6. 6. Chemical and Process Engineering Research www.iiste.org ISSN 2224-7467 (Paper) ISSN 2225-0913 (Online) Vol.13, 2013 34 The vapours leaving the top of the tower are condensed and collected in the overhead receiver tank (FD). The overhead hydrocarbon is also condensed and collected in a tank (NKD), the net overhead liquid is sent to the refinery. The treated Kerosene is finally taken from the bottoms of the stripper column and sent to a storage tank or sent to the MOLEX unit. 4.4 Composition of Impurities in Treated Kerosene A plot of composition of impurities against tray position within the stripper column is shown in figure 6. Figure 6: Composition of Impurities across the Stripper Column form the top From figure 6, it seems that the composition of impurities was higher at the top of the column; the composition is highest at the condenser. No impurity is present at the bottom as from the thirteenth tray. This is because all the components are in a vapor phase and rise up to the top. The plot shows that there is a perfect separation in the column since the bottom of the stripper is free of impurities as pure treated Kerosene is collected from the bottom. The plot of composition of treated Kerosene across stripper column is shown below: Figure 7: Composition of treated Kerosene with respect to the tray position from the top The above plot (Figure 7) shows the distribution of the components of pure Kerosene across stripper column. The components of the treated Kerosene are n-C13,n-C14,n-C15 and n-C16 respectively with compositions of 0.0021,0.3342,0.3322 and 0.3315 respectively, which were predominant at the bottom of the column, while the lighter components such as n-nonane,n-decane,n-C11,n-C12 and n-C13 are predominant at the top of the column. This may be as a result of the temperature as the higher the temperature, the more the lighter components rise up. The above result is in good agreement with literature as pure Dual Purpose Kerosene (DPK) components ranges between n-nonane to n-C16. The Temperature and Pressure distribution across Stripper from the top of tray position is graphically shown in figure 8.
  7. 7. Chemical and Process Engineering Research www.iiste.org ISSN 2224-7467 (Paper) ISSN 2225-0913 (Online) Vol.13, 2013 35 Figure 8: Temperature and Pressure against Tray position. From the above plot, it can be seen that the temperature and pressure was higher and higher coming from the top to the bottom of the stripper. Higher temperature in the bottom is as a result of the reboiler which heats the content of the bottom, while a lower temperature at the top is as a result of the reflux condenser. High temperature is required at the bottom of the column so that the light key will rise up to the top of the column because the higher the temperature, the lower the density. Hence lighter components at the bottom rise up the top of the column. From design, the pressure of the feed entering the stripper is higher than the condenser pressure and lower than the reboiler pressure. 5. Conclusion The Hydrodesulphurization unit was successfully simulated under feasible working conditions, and the applicability of Aspen Hysys as a simulation software package has been demonstrated by studying the effect of the process variables on the plants throughput or efficiency. The following findings were deduced from the simulated plant; 1. The components of the treated Kerosene are n-C13,n-C14,n-C15 and n-C16 respectively with compositions of 0.0021,0.3342,0.3322 and 0.3315 mole fractions respectively. 2. Roughly100% removal of impurities was achieved. 3. The optimized working temperature and pressure of the reaction section are 319o C and 5492kPa (56kg/cm2 ) respectively. All the reactions are exothermic and proceeds immediately when the reactor feed is charged and decreases as the limiting reactant is exhausted. 4. Only a 1.5m reactor length is required for the reaction of olefin saturation. Recommendation Provisions should be made to simulate multiple reactions in one reactor. Acknowledgement The authors are highly grateful to the management and staff of Kaduna Refining and Petrochemical Company (KRPC) for their cooperation and helpful discussions. The authors also appreciate the effort of Engr. Oluwayemi Zaccheus of Woodlands road, Southall, London, United Kingdom for his support. References 11)) Gary, J.H. and Handwerk, G.E. (1984). Petroleum Refining Technology and Economics (2nd ed.) .Marcel Dekker, Inc. ISBN 0-8247-7150-8. 2) Topsøe H., Clausen B.S, Massoth F.E, (1996) Catalysis: Science and Technology. 3) KRPC (1976) Hydro-Desulphurization Process manual, Chiyoda Chemical Engineering Construction Company Limited, Yakohama, Japan. pp.7-15. 4) Shirakawa, T., J. (2005).Hydrogen Energy System Soc. Jpn., 30, (1),19 5) Nanjo, A., J. (2005).Hydrogen Energy System Soc. Jpn., 30, (1), 13 66)) Joyce A. Ober (2003), Mineral Resources of the month – July, 2003- United States Geological Survey Sulphur Commodity. Available at : Geotimes, Energy and Resources, http://www.agiweb.org/geotimes/july03/resources.html# 7) Joyce A. Ober (2006) U.S. Mineral Commodity Summary available at: http://minerals.usgs.gov/minerals/pubs/commodity/sulfur/sulfumcs06.pdf 8) Mohammad H. O., (2009) "Computer Aided Simulation and Process Design of a Hydrogenation Plant using ASPEN HYSYS 2006", Past Master of Applied Science Research Thesis, Department of Chemical Engineering, University of Waterloo, Ontario, Canada. Available at https://uwspace.uwaterloo.ca/handle/10012/4431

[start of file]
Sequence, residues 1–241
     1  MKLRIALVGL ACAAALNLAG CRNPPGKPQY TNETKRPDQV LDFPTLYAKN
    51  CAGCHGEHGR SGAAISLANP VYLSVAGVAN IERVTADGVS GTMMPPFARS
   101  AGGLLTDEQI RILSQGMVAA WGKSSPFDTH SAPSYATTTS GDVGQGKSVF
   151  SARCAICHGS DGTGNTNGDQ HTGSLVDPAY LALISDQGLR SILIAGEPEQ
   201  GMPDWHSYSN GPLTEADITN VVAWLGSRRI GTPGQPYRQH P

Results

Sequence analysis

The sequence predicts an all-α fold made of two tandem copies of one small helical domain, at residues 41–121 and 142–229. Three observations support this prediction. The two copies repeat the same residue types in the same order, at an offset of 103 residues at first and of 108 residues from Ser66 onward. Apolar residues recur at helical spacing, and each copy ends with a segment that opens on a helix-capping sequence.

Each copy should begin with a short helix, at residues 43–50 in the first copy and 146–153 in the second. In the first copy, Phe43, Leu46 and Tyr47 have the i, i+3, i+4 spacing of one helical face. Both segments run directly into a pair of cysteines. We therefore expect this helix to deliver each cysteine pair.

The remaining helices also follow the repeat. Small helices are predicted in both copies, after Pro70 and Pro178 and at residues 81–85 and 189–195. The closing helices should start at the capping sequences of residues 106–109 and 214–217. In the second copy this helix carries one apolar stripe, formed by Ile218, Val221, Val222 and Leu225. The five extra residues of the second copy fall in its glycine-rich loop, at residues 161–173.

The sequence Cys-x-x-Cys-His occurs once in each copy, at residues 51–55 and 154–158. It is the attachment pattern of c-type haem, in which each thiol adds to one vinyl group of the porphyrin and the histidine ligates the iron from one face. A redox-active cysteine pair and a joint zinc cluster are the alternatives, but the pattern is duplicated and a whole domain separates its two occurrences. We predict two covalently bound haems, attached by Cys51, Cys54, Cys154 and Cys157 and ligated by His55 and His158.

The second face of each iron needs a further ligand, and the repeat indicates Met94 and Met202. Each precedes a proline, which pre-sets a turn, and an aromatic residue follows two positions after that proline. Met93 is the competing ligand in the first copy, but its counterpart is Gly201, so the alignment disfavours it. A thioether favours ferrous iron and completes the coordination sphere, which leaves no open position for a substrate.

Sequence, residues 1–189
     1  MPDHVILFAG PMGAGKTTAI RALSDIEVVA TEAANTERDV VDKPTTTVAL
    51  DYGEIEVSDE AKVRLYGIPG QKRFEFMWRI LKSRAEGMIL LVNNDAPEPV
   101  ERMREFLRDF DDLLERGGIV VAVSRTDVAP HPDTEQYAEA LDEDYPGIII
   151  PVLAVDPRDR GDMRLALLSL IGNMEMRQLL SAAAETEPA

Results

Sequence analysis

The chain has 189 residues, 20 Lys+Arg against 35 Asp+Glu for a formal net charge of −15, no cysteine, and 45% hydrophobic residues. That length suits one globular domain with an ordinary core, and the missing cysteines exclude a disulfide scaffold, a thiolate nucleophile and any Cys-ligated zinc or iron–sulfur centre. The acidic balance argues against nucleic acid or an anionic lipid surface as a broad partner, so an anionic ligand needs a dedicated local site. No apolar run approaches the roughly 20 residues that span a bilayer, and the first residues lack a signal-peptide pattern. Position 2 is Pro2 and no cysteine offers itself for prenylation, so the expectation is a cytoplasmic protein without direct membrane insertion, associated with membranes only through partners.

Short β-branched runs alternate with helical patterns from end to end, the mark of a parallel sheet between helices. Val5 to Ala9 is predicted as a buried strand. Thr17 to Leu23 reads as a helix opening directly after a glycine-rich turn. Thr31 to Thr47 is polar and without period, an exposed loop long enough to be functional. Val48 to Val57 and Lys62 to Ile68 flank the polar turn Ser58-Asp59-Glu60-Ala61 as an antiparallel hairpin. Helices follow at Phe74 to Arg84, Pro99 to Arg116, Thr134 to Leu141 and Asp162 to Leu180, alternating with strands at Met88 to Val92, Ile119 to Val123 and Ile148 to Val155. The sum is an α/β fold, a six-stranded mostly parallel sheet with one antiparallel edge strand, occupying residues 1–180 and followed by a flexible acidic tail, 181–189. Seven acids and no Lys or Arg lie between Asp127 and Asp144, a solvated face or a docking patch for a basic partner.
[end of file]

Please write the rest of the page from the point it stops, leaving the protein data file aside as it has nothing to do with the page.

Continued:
8. 8. This academic article was published by The International Institute for Science, Technology and Education (IISTE). The IISTE is a pioneer in the Open Access Publishing service based in the U.S. and Europe. The aim of the institute is Accelerating Global Knowledge Sharing. More information about the publisher can be found in the IISTE’s homepage: http://www.iiste.org CALL FOR PAPERS The IISTE is currently hosting more than 30 peer-reviewed academic journals and collaborating with academic institutions around the world. There’s no deadline for submission. Prospective authors of IISTE journals can find the submission instruction on the following page: http://www.iiste.org/Journals/ The IISTE editorial team promises to the review and publish all the qualified submissions in a fast manner. All the journals articles are available online to the readers all over the world without financial, legal, or technical barriers other than those inseparable from gaining access to the internet itself. Printed version of the journals is also available upon request of readers and authors. IISTE Knowledge Sharing Partners EBSCO, Index Copernicus, Ulrich's Periodicals Directory, JournalTOCS, PKP Open Archives Harvester, Bielefeld Academic Search Engine, Elektronische Zeitschriftenbibliothek EZB, Open J-Gate, OCLC WorldCat, Universe Digtial Library , NewJour, Google Scholar